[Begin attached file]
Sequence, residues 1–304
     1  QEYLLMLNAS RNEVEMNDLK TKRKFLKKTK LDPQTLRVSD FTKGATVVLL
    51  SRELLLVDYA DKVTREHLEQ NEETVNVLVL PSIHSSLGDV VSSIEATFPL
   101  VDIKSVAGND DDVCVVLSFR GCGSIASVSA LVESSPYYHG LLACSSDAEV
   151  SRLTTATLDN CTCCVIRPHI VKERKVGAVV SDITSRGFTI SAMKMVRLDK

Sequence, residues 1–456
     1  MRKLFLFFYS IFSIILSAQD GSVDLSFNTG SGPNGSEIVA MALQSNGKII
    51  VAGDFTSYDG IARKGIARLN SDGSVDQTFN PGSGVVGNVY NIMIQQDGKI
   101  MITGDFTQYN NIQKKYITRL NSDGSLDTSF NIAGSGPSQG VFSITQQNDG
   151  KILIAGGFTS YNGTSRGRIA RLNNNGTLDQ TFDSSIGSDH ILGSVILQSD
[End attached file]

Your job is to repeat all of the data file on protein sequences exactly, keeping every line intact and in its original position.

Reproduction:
Sequence, residues 1–304
     1  QEYLLMLNAS RNEVEMNDLK TKRKFLKKTK LDPQTLRVSD FTKGATVVLL
    51  SRELLLVDYA DKVTREHLEQ NEETVNVLVL PSIHSSLGDV VSSIEATFPL
   101  VDIKSVAGND DDVCVVLSFR GCGSIASVSA LVESSPYYHG LLACSSDAEV
   151  SRLTTATLDN CTCCVIRPHI VKERKVGAVV SDITSRGFTI SAMKMVRLDK

Sequence, residues 1–456
     1  MRKLFLFFYS IFSIILSAQD GSVDLSFNTG SGPNGSEIVA MALQSNGKII
    51  VAGDFTSYDG IARKGIARLN SDGSVDQTFN PGSGVVGNVY NIMIQQDGKI
   101  MITGDFTQYN NIQKKYITRL NSDGSLDTSF NIAGSGPSQG VFSITQQNDG
   151  KILIAGGFTS YNGTSRGRIA RLNNNGTLDQ TFDSSIGSDH ILGSVILQSD